Friday, December 28, 2012

How many acts of kindness?

NBC reporter Ann Curry’s comments on the violence in Newtown, Connecticut touched a horror-stricken world grieving the loss of so many lives.  She asked, “What if we all committed to doing 26 acts of kindness?” in remembrance of the 20 children and six adults who were killed that day.

I ask, “What if we did 28 acts of kindness?” in remembrance of all who died that day in Newtown?  I believe that we are all connected, that the act of one is my own act, the joy and the sorrow is in my heart, too.   In these sad days as the world grieves with the families of those who have lost loved ones, my challenge is not only to stand at the door of compassion, but to walk through it. 

Call Me By My True Names

Don't say that I will depart tomorrow –
even today I am still arriving.

Look deeply: every second I am arriving
to be a bud on a Spring branch,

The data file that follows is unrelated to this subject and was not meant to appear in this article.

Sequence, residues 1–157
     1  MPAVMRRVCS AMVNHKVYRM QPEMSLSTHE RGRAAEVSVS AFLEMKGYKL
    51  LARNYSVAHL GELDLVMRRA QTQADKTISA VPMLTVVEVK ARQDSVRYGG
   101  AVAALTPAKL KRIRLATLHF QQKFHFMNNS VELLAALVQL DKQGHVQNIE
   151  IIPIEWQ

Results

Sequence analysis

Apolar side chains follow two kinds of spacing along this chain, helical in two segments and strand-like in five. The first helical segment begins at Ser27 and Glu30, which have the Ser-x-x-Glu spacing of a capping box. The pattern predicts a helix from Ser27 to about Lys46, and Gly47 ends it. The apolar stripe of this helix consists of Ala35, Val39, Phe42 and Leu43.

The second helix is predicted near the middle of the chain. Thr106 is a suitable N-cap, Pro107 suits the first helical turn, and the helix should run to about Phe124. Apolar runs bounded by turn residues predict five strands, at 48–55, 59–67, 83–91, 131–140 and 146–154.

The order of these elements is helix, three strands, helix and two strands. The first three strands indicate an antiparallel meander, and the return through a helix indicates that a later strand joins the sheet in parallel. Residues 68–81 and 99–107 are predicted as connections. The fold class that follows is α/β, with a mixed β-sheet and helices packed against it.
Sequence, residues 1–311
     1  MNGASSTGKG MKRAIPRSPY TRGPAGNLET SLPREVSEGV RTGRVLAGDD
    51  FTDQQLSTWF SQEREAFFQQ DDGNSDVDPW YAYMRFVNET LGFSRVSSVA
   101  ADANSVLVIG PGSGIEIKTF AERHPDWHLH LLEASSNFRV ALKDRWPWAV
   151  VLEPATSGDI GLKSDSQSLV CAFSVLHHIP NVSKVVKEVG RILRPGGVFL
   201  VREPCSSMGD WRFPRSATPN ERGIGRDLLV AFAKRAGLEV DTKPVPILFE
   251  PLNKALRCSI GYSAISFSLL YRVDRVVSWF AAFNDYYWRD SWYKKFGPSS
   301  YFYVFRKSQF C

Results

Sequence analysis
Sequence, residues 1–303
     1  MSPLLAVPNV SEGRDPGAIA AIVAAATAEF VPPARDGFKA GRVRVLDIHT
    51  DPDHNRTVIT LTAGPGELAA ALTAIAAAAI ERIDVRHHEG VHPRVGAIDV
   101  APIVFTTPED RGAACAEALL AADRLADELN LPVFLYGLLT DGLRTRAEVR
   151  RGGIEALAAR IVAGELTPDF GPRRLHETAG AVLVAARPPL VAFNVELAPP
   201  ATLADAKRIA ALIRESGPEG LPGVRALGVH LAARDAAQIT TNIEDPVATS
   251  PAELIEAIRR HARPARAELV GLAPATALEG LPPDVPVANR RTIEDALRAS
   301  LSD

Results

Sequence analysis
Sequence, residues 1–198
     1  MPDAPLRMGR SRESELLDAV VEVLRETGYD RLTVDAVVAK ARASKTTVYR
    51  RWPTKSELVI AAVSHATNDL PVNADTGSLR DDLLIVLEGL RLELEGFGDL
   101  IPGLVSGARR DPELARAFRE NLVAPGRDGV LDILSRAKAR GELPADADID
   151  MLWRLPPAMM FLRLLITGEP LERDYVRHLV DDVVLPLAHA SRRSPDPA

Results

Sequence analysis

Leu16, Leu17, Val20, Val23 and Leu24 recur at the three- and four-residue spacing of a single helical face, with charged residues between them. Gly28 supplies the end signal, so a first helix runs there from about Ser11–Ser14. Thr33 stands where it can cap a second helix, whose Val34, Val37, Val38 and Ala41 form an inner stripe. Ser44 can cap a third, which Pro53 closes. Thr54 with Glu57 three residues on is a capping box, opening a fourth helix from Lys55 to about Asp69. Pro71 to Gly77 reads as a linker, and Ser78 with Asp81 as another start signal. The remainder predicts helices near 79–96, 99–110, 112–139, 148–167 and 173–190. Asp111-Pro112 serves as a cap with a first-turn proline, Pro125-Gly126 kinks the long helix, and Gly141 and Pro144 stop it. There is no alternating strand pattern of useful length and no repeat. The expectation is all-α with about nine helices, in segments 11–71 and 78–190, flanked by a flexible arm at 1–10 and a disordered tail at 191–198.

to be a tiny bird, with still-fragile wings,
learning to sing in my new nest,
to be a caterpillar in the heart of a flower,
to be a jewel hiding itself in a stone. 

I still arrive, in order to laugh and to cry,
to fear and to hope.

The rhythm of my heart is the birth and death 
of all that is alive. 

I am the mayfly metamorphosing
on the surface of the river.
And I am the bird
that swoops down to swallow the mayfly.

I am the frog swimming happily
in the clear water of a pond.
And I am the grass-snake
that silently feeds itself on the frog.

I am the child in Uganda, all skin and bones,
my legs as thin as bamboo sticks.
And I am the arms merchant,
selling deadly weapons to Uganda.

I am the twelve-year-old girl,
refugee on a small boat,
who throws herself into the ocean
after being raped by a sea pirate.

And I am the pirate,
my heart not yet capable
of seeing and loving.

I am a member of the politburo,
with plenty of power in my hands.
And I am the man who has to pay
his "debt of blood" to my people
dying slowly in a forced-labor camp.

My joy is like Spring, so warm
it makes flowers bloom all over the Earth.
My pain is like a river of tears,
so vast it fills the four oceans.

Please call me by my true names,
so I can hear all my cries and my laughter at once,
so I can see that my joy and pain are one.

Please call me by my true names,
so I can wake up,
and so the door of my heart
can be left open,
the door of compassion.
Thich Nhat Hanh
(From Guest Blogger Ellen Swan)

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